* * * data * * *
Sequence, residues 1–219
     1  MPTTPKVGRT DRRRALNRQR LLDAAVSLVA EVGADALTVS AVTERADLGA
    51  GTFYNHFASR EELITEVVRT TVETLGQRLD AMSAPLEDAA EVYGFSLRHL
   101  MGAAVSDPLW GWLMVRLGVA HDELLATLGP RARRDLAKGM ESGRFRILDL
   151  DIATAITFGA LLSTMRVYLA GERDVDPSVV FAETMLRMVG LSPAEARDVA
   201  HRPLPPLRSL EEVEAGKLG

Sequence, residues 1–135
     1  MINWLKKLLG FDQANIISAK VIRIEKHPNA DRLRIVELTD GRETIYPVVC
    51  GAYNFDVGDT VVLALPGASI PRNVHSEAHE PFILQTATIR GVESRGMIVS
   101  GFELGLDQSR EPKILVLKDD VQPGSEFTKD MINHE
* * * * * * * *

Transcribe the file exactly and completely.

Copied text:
Sequence, residues 1–219
     1  MPTTPKVGRT DRRRALNRQR LLDAAVSLVA EVGADALTVS AVTERADLGA
    51  GTFYNHFASR EELITEVVRT TVETLGQRLD AMSAPLEDAA EVYGFSLRHL
   101  MGAAVSDPLW GWLMVRLGVA HDELLATLGP RARRDLAKGM ESGRFRILDL
   151  DIATAITFGA LLSTMRVYLA GERDVDPSVV FAETMLRMVG LSPAEARDVA
   201  HRPLPPLRSL EEVEAGKLG

Sequence, residues 1–135
     1  MINWLKKLLG FDQANIISAK VIRIEKHPNA DRLRIVELTD GRETIYPVVC
    51  GAYNFDVGDT VVLALPGASI PRNVHSEAHE PFILQTATIR GVESRGMIVS
   101  GFELGLDQSR EPKILVLKDD VQPGSEFTKD MINHE